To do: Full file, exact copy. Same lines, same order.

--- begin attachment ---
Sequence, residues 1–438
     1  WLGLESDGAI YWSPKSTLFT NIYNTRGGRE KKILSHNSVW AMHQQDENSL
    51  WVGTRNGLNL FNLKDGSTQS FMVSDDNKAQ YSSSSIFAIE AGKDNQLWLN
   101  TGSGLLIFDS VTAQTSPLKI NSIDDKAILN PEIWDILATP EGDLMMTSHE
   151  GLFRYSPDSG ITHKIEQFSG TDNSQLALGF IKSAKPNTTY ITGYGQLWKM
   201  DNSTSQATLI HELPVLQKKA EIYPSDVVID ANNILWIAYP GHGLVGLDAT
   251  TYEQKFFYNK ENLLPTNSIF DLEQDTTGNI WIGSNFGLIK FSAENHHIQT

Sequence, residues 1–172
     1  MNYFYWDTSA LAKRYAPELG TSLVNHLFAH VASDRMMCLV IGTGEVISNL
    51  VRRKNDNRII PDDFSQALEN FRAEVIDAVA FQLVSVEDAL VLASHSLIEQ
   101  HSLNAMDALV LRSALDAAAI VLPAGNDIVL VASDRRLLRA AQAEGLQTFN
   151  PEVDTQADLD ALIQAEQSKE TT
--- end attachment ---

Sequence, residues 1–438
     1  WLGLESDGAI YWSPKSTLFT NIYNTRGGRE KKILSHNSVW AMHQQDENSL
    51  WVGTRNGLNL FNLKDGSTQS FMVSDDNKAQ YSSSSIFAIE AGKDNQLWLN
   101  TGSGLLIFDS VTAQTSPLKI NSIDDKAILN PEIWDILATP EGDLMMTSHE
   151  GLFRYSPDSG ITHKIEQFSG TDNSQLALGF IKSAKPNTTY ITGYGQLWKM
   201  DNSTSQATLI HELPVLQKKA EIYPSDVVID ANNILWIAYP GHGLVGLDAT
   251  TYEQKFFYNK ENLLPTNSIF DLEQDTTGNI WIGSNFGLIK FSAENHHIQT

Sequence, residues 1–172
     1  MNYFYWDTSA LAKRYAPELG TSLVNHLFAH VASDRMMCLV IGTGEVISNL
    51  VRRKNDNRII PDDFSQALEN FRAEVIDAVA FQLVSVEDAL VLASHSLIEQ
   101  HSLNAMDALV LRSALDAAAI VLPAGNDIVL VASDRRLLRA AQAEGLQTFN
   151  PEVDTQADLD ALIQAEQSKE TT